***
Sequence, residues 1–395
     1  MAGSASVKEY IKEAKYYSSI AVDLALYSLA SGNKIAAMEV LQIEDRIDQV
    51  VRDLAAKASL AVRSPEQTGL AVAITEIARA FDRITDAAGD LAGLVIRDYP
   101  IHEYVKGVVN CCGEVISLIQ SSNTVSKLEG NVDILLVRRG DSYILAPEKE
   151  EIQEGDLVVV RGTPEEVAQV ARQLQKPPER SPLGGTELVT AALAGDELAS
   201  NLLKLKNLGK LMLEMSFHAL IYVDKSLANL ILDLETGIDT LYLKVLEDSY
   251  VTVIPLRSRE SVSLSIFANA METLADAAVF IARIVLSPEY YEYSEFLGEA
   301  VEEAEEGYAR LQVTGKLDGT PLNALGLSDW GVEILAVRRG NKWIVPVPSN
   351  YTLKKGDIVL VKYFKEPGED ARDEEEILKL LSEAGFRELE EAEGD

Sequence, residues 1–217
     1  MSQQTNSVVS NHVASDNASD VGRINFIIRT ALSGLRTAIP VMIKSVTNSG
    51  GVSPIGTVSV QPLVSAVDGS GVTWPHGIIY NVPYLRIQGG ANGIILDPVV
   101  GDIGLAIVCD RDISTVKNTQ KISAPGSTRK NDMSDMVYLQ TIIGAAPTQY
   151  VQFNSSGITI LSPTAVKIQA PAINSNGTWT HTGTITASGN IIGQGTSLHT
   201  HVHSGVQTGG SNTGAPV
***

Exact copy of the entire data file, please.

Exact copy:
Sequence, residues 1–395
     1  MAGSASVKEY IKEAKYYSSI AVDLALYSLA SGNKIAAMEV LQIEDRIDQV
    51  VRDLAAKASL AVRSPEQTGL AVAITEIARA FDRITDAAGD LAGLVIRDYP
   101  IHEYVKGVVN CCGEVISLIQ SSNTVSKLEG NVDILLVRRG DSYILAPEKE
   151  EIQEGDLVVV RGTPEEVAQV ARQLQKPPER SPLGGTELVT AALAGDELAS
   201  NLLKLKNLGK LMLEMSFHAL IYVDKSLANL ILDLETGIDT LYLKVLEDSY
   251  VTVIPLRSRE SVSLSIFANA METLADAAVF IARIVLSPEY YEYSEFLGEA
   301  VEEAEEGYAR LQVTGKLDGT PLNALGLSDW GVEILAVRRG NKWIVPVPSN
   351  YTLKKGDIVL VKYFKEPGED ARDEEEILKL LSEAGFRELE EAEGD

Sequence, residues 1–217
     1  MSQQTNSVVS NHVASDNASD VGRINFIIRT ALSGLRTAIP VMIKSVTNSG
    51  GVSPIGTVSV QPLVSAVDGS GVTWPHGIIY NVPYLRIQGG ANGIILDPVV
   101  GDIGLAIVCD RDISTVKNTQ KISAPGSTRK NDMSDMVYLQ TIIGAAPTQY
   151  VQFNSSGITI LSPTAVKIQA PAINSNGTWT HTGTITASGN IIGQGTSLHT
   201  HVHSGVQTGG SNTGAPV